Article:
Champions Online released two powersets recently, and I finally got time to sit down and crunch numbers on the new Wind powers. Wind has been live for a few weeks now, and the Squall archetype uses its powers to push enemies around the battlefield and rock the damage charts.

Wind has been one of the most frequently requested powersets since Heavy Weapons hit the game, and I was excited to play around with the set. Does the Wind powerset meet the expectations players had for it? This week on Behind the Mask, I set out to find the answer to that question.

Lately, I have been unimpressed with the powerset reworks and new powers. Most of the reworks have reskinned versions of old powers with a few new mechanics. In many cases, such as the Infernal rework, these new mechanics lead to lots of cool interactions. However, reskinning powers and adding different quirks to them leads to boring, Mortal Kombat-style balancing where everything feels too similar. I really don't like that kind of balance.

My initial look at Wind gave me the same feeling right from the start. It has a Snow Storm clone, a Fire Breath clone, and a Gigabolt clone. I felt that the repel mechanics in the set didn't really scream "fun." There's only so many interesting things one can do with a powerset built around blowing enemies back and forth.

River Mist changes PvE

Repel is one of those mechanics that seems to be focused around PvP. I'll get to my PvP findings in a bit, but Repel has a lot of coolness that could be really good for PvE.

Rather than knocking enemies around and rendering them temporarily able to fight, Repel pushes enemies subtly in a direction. Your opponents can still fight, and most foes will be able to close the distance gained by Repel fairly easily unless you also apply slows. As a keep-away mechanism, Repel is sort of useless.

However, Repel can be fantastic when used to herd mobs. Hurricane is a really strong tank power that repels enemies who are closer than 15 feet away from you. It has Challenging Strikes and a substantial 30-foot PBAoE radius, allowing it to taunt large groups without aggroing extra mobs. The best part is that you can move while maintaining it. This lets a tank push the mobs together while circling the spawn, generating lots of threat and making the spawn easier to manage. Hurricane isn't a great primary taunt, since the repel is not so great when you're in the middle of the spawn. However, I found it quite useful for herding groups of mobs together.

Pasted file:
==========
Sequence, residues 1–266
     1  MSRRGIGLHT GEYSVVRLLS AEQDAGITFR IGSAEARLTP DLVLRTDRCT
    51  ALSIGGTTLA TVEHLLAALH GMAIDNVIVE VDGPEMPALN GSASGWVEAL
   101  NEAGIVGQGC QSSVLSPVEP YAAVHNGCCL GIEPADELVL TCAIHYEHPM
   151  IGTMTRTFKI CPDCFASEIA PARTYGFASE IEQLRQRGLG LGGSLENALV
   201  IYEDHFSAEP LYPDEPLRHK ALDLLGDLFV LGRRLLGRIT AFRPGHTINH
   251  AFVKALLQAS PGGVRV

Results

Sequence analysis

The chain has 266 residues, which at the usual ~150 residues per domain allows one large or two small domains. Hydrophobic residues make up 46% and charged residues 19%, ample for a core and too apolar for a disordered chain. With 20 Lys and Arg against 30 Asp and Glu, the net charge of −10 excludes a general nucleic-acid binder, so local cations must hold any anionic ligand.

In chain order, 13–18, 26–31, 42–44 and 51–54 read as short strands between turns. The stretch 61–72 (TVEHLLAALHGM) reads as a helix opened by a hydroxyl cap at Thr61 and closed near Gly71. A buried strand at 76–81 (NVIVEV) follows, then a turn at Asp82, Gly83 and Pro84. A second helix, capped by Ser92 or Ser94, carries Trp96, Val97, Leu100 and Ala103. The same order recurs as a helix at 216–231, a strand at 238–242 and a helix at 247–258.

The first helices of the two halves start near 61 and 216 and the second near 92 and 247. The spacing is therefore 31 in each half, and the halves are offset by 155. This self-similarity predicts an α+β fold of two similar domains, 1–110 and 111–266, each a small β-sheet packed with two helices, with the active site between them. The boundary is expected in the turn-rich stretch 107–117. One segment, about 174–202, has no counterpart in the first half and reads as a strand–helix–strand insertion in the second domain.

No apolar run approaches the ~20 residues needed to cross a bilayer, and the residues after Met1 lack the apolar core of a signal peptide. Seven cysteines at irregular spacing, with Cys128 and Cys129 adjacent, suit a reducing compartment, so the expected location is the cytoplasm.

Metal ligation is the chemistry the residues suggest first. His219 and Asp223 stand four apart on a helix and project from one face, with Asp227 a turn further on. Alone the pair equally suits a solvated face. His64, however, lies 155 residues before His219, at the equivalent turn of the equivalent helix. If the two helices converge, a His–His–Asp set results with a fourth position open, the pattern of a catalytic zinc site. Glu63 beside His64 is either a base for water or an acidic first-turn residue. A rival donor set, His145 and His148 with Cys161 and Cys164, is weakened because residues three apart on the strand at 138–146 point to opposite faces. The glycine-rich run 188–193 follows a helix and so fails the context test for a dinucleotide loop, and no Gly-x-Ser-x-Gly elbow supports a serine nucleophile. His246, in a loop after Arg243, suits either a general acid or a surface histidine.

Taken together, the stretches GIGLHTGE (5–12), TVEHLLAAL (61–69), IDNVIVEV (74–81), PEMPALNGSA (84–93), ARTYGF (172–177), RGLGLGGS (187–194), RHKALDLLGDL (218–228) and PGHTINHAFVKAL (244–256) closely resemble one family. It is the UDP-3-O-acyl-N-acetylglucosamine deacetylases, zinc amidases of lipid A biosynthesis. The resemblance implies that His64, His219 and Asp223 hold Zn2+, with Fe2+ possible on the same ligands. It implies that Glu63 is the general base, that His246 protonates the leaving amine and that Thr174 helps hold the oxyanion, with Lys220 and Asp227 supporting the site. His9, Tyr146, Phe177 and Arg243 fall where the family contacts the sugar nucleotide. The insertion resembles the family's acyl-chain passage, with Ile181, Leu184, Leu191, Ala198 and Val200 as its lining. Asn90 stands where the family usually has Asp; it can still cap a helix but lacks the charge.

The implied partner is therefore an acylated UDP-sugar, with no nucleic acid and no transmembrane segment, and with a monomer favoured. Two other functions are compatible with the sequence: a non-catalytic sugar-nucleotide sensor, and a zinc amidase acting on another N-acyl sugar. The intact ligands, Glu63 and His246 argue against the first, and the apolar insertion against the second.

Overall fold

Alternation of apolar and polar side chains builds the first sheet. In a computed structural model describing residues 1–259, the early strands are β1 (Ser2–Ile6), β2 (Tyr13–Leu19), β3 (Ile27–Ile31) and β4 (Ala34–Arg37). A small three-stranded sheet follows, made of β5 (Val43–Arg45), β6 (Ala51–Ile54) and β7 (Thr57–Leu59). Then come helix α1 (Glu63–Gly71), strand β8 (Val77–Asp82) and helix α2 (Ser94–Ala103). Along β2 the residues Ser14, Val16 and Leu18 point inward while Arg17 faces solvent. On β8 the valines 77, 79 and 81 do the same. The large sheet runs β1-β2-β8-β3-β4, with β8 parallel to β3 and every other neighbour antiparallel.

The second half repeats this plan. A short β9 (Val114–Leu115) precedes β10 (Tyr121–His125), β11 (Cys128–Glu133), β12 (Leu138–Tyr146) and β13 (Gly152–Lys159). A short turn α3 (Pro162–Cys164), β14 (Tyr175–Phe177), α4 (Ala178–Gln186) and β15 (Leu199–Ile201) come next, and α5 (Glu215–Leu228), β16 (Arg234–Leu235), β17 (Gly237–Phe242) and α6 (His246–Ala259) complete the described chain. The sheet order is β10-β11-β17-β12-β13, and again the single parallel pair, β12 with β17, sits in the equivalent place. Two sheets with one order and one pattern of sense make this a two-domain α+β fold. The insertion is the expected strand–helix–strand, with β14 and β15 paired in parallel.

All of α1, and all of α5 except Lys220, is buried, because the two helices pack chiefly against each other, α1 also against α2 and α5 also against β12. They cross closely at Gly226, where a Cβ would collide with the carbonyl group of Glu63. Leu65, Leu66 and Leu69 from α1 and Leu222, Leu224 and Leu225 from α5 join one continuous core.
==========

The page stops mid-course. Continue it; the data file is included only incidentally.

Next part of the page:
Wind Breath can be used for the same purpose. It repels enemies to about 20-30 feet away from you, so you can circle the spawn and use it to push enemies while also applying Challenging Strikes. If you're not a tank, you can still use this to herd foes closer to your tank to make them easier to taunt.

Herding mobs into AoE is also great. Combining Wind's repel with AoE maintains like Wind's own Whirlwind, Electricity's Lightning Storm or Ice's Snow Storm lets your team members get the most out of their AoE damage. If you're solo, you can even use pets like Arctic Beast or Ritual of Ebon Summoning to AoE while you clump mobs together. Although you can use it to herd mobs and then follow up with Lightning Storm while you're solo, it's not really practical as herding takes quite a bit of time and you do reasonable damage with Hurricane or Wind Breath already. It could be nice if you have some hands-free AoE damage like Ego Storm or pets as previously mentioned.

Blue Skies add more flexibility

One of the things I found very interesting was the Stormbringer passive. It's a fairly standard Avenger passive that boosts ranged damage. The interesting elements come from the fact that Stormbringer boosts Cold, Electric, and Crushing damage. Unlike other forms that boost a category, Stormbringer allows you to combine a number of different powersets for a larger pool of possibilities.

The most obvious choices include combining Ice and Electric powers with Stormbringer. This was not really viable before; Electric Form boosts energy damage (Electric, Sonic, and Particle), while Ice Form boosts elemental damage (Ice, Fire, and Toxic). It is still possible to create an Aura of Primal Majesty, Aura of Ebon Destruction or Quarry build that combines the weather elements, but Stormbringer gives more damage than either of those options (Primal Rage builds notwithstanding).

Combining Ice and Electric together with Wind makes building for the elemental Tier 4 power, Energy Storm, a reasonable and practical option. Although you should probably still get at least one power that can apply Clinging Flames, getting all of the elemental debuffs in one build makes Energy Storm builds much more plausible. Because Energy Storm is a rather interesting power all on its own, this makes for a lot of fun opportunities for a Stormbringer.